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20 Jan 2008 07:47
Republican John McCain and Democrat Hillary Clinton won heated presidential nominating battles in separate contests in South Carolina and Nevada on Saturday, gaining strength in a chaotic White House race where no candidate has been able to sustain momentum.
McCain, an Arizona Senator, narrowly defeated rival Mike Huckabee, a former Arkansas governor, in a fight focused on the economy in South Carolina—a state where his presidential hopes were destroyed in a bitter 2000 battle that set George Bush on a path to the White House.
“It took us a while, but what’s eight years among friends?” McCain told cheering supporters in Charleston. “My friends, we are well on our way tonight, and I feel very good.”
Mitt Romney, the former Massachusetts governor, won a Republican race in Nevada that his rivals largely skipped in order to concentrate on South Carolina.
Among Democrats, Clinton beat rival Barack Obama in a tough Nevada struggle that featured voting in the state’s famed casino hotels and produced heated charges of irregularities.
The pair had split the first two Democratic contests.
“I guess this is how the West was won,” Clinton said in Las Vegas, telling reporters later: “This is one step on a long journey throughout the country.”
No one in either party has claimed the role of favourite in the race to pick the two candidates to contest the November 4 election to succeed Bush, with the first major state-by-state battles producing multiple winners.
For the victors on Saturday, the prize is a jolt of energy in a race where momentum has been short-lived.
Both parties then turn their attention to the critical February 5 “Super Tuesday” round of 22 state contests.
Clinton, who would be the first United States woman president, won the Nevada Democratic race 51% to 45% over Obama, with turnout reported to surpass 115Â 000 voters. Former North Carolina senator John Edwards finished a distant third.
“We ran an honest, uplifting campaign in Nevada that focused on the real problems Americans are facing, a campaign that appealed to people’s hopes instead of their fears,” Obama, who would be the first black US president, said in a statement.
“That’s the campaign we’ll take to South Carolina and across America in the weeks to come,” he said.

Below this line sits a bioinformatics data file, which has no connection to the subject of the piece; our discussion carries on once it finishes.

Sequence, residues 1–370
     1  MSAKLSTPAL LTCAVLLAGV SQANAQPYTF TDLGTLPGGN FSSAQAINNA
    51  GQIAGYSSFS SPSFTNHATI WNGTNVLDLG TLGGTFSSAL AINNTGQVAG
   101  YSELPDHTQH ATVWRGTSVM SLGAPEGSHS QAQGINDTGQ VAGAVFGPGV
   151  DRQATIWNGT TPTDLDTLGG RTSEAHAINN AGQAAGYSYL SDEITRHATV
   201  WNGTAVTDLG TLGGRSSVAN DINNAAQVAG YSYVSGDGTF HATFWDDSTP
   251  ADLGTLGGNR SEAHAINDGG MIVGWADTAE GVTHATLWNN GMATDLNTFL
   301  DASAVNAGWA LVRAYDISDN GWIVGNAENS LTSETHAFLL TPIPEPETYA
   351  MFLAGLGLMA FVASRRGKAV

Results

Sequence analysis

South Carolina conservatives
McCain’s win in South Carolina, following his New Hampshire victory, was fuelled by support from conservatives, with exit polls showing seven in 10 voters in the state primary described themselves that way.
More than half of the voters were religious conservatives, but that was not enough to give the win to Huckabee, a Baptist preacher before he entered politics, whose Iowa win was fuelled by evangelical support.
The win was another step forward on the comeback trail for McCain, a former Vietnam prisoner-of-war whose presidential bid seemed finished last summer when he was low on cash, shedding staff and sinking in the polls.
South Carolina Republicans have been kingmakers in party politics, with the Republican winner in the state going on to capture the party’s nomination every year since 1980.
With almost all votes counted, McCain led Huckabee 33% to 30% in South Carolina. Former Tennessee senator Fred Thompson was edging Romney for third place.
The results created big questions for Huckabee and Thompson, who needed a strong showing in the state to go on. Thompson gave no sign of his future plans during an address to supporters in Columbia, but Huckabee said he was headed to Florida and beyond.
“The path to the White House is not ending here tonight,” Huckabee told supporters in Columbia. “We’ve got a lot of miles ahead of us.”
Romney’s convincing win in Nevada followed his breakthrough victory in Michigan last week after two disappointing second-place finishes.
Romney stressed his ability as a former business executive to tackle economic problems. Exit polls showed the economy was the top concern among Nevada’s Republican voters, followed closely by immigration.
“In the last week, two of the battleground states have come out strongly for our campaign. They have heard our message that Washington is broken,” Romney said in Jacksonville, Florida.
Worries about the economy have taken centre stage amid talk of a possible recession in the US, with each of the candidates offering recovery plans. Bush on Friday proposed about $150-billion in temporary tax breaks and other measures.
Representative Duncan Hunter of California fell victim to poor showings in all the early contests and dropped out of the race for the Republican nomination.—Reuters
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